In addition to the Gospel writers, other apostles of Jesus also understood him to be God. Peter begins his second letter: "Simon Peter, a slave and apostle of Jesus Christ, to those who have received a faith of equal value to ours through the righteousness of our God and savior Jesus Christ" (2 Pt 1, emphasis added).
When Jesus tells Thomas to touch his hands and side, so that he believe that he has risen from the dead, Thomas responds, "My Lord and my God!" (Jn 20:28, emphasis added).
Teaching of Nicea
Early Christians, following the teaching of Christ, the apostles and Fathers of the Church, also affirmed that Jesus was God. Yet the understanding of his divinity had not been fully explored and expressed in theological terms. That came as a result of the Arian crisis, which began in 318 A.D. when Arius, a priest of Alexandria, Egypt, began teaching that Jesus was not God.
Arius reasoned that since Christ was the Son of God, and begotten of the Father, there must be a beginning to his existence. Jesus, then, is not eternal, but the first-born of all creatures, and the creator of all other things.
Convened in 325 A.D., the First Council of Nicea resoundingly rejected Arius’s doctrine. The bishops of the church affirmed almost unanimously that Christ shares the same essence and substance as God the Father. Though a distinct person, the Son of God is co-eternal with God the Father and possesses with him all the divine perfections.
The Nicene Creed, which we recite at Mass today, was the work of the council. It encapsulates the church’s development of doctrine on the nature of Christ: "We believe ... in one Lord Jesus Christ, the only-begotten Son of God, born of the Father before all ages, God from God, Light from Light, true God of true God, begotten not made, consubstantial (of the same substance) with the Father, through him all things were made."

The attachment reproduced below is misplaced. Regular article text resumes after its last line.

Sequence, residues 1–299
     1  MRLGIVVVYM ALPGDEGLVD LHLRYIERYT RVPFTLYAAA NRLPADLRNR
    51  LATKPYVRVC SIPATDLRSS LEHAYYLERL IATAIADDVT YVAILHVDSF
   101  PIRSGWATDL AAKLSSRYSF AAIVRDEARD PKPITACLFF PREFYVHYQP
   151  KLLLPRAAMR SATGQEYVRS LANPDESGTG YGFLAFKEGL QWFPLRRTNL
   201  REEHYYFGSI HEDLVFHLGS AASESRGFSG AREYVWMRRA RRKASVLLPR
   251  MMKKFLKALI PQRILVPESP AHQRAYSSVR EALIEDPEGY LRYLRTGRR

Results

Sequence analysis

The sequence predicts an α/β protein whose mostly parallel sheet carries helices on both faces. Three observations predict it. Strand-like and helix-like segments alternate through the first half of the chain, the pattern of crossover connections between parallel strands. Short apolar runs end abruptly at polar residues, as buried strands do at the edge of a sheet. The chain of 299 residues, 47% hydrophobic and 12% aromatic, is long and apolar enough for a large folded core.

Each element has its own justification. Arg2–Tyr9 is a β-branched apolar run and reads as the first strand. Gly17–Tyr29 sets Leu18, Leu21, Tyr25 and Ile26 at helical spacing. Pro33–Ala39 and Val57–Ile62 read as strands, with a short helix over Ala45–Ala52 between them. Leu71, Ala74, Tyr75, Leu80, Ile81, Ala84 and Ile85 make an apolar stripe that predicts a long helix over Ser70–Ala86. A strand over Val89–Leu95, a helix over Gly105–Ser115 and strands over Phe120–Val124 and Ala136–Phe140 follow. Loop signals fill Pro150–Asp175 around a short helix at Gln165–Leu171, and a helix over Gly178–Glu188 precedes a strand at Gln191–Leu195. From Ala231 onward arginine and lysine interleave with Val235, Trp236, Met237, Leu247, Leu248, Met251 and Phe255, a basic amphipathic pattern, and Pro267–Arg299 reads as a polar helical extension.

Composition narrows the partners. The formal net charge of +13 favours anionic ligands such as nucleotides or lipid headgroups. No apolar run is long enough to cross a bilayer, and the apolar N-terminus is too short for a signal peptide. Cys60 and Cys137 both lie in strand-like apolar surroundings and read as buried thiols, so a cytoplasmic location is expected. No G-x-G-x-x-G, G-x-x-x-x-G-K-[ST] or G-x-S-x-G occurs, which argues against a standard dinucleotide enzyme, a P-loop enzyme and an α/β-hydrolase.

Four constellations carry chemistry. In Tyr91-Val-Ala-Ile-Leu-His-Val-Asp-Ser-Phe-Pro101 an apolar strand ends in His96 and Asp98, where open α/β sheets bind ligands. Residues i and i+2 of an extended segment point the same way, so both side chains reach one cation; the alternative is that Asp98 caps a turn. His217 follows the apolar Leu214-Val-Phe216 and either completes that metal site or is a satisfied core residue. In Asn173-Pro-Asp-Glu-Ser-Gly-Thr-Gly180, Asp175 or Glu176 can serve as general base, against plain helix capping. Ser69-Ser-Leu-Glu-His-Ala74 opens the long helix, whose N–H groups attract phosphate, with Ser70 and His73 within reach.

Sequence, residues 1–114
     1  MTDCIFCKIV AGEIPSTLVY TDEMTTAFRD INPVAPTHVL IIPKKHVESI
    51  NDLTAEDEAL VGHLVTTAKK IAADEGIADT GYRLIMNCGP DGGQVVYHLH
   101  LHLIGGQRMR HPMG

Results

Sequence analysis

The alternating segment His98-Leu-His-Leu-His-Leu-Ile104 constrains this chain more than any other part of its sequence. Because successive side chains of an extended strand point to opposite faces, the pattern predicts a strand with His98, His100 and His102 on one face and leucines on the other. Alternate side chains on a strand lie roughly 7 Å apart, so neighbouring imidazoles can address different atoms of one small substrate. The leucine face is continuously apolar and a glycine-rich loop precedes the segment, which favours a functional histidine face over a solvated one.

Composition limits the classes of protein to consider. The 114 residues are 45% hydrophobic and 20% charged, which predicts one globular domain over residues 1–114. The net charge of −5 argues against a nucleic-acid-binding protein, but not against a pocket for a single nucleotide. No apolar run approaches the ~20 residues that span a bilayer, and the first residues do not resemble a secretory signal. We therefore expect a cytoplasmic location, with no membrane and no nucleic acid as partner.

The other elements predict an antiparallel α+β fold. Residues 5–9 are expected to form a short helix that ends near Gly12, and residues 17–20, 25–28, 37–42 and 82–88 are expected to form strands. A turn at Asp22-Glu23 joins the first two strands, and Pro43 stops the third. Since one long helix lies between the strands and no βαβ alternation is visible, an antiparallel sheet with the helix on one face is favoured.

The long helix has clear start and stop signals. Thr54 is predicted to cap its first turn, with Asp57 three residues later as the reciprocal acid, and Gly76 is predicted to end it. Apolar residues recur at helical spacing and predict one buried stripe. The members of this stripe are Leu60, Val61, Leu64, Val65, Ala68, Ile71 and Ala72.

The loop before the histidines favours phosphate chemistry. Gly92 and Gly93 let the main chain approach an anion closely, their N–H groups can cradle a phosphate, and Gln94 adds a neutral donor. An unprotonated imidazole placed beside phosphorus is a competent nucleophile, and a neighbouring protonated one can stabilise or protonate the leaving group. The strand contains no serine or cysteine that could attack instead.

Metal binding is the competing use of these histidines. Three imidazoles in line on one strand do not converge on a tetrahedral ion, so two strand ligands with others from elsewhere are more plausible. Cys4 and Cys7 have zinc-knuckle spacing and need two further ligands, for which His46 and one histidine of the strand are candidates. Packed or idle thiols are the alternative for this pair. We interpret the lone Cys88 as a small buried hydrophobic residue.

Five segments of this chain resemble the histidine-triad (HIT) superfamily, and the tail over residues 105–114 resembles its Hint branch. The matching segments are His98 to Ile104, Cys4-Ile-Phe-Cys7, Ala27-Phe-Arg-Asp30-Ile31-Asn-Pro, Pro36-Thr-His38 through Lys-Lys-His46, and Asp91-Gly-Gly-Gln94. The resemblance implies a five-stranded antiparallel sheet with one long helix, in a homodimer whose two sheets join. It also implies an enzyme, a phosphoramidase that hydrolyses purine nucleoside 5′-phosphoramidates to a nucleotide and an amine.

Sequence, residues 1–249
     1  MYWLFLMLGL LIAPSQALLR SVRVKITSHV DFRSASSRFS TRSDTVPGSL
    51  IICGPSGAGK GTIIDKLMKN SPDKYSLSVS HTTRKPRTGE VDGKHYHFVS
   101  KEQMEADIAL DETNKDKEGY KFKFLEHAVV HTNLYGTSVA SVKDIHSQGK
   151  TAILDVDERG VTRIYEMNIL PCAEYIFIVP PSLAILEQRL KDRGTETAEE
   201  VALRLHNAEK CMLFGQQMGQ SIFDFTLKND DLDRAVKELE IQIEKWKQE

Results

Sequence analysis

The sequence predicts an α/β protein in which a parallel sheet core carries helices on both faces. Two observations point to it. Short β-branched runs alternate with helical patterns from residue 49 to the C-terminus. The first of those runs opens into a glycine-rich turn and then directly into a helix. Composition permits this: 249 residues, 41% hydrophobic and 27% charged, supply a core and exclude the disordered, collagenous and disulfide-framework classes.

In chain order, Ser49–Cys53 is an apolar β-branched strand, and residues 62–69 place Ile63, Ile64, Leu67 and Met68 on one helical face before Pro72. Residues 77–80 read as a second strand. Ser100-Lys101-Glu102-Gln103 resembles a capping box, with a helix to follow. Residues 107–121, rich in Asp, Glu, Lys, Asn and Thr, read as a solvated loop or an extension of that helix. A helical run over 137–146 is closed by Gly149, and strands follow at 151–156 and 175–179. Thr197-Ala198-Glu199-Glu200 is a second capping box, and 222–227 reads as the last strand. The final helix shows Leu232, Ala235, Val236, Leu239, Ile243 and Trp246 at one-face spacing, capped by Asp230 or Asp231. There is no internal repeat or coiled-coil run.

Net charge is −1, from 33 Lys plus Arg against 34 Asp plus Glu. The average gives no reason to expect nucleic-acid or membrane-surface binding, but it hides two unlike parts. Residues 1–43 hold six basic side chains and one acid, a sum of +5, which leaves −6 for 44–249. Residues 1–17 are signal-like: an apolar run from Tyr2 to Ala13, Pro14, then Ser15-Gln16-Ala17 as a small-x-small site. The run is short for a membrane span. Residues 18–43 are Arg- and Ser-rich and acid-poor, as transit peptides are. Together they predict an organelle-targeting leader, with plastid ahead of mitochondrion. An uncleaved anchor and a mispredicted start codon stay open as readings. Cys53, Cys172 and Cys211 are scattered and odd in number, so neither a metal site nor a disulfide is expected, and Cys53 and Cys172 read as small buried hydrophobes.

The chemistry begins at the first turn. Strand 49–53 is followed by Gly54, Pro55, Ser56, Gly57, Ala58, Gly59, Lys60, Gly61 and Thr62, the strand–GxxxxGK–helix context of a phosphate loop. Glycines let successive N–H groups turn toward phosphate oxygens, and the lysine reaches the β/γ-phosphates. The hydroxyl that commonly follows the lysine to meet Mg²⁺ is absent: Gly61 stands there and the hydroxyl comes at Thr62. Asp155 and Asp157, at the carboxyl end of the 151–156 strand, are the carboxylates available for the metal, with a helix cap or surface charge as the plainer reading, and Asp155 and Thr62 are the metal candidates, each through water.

Responses to objections
The teaching of Nicea provides the crucial distinction needed to answer the first objection: With respect to his human nature, Jesus was conceived in the womb of his mother, Mary. With respect to his divine nature, he is co-eternal with God the Father. Jesus unites both a human nature and a divine nature in the same divine person.
This helps us also to answer the second objection. When Jesus says that the Father is greater than he is, he is speaking as a man. The Father is greater because he has given Jesus a mission, to tell the truth that he has heard from God (cf. Jn 8:40). And many other passages from the Gospels that attest to Christ’s humanity also seem to deny his divinity. In these cases, we must understand that this unique person is both God and man.
And to the third, we should say that the teaching that Jesus is God goes back to the very foundations of Christianity, as we have seen. The apostles taught it, and the belief shows up explicitly in the writings of many Fathers of the Church, such as Polycarp, Ignatius of Antioch and Justin Martyr. So it is not true to say that the doctrine first appeared at the First Council of Nicea, even though that council enhanced our understanding of it.
And so we must conclude that there is an abundance of evidence that Jesus is God. Christ himself provides the foundational witness, and the Holy Spirit testifies to it too, through the Scriptures and the constant teaching of the church through the ages.
Dan Rossini is editor and general manager of the Catholic Voice. Contact him at firstname.lastname@example.org.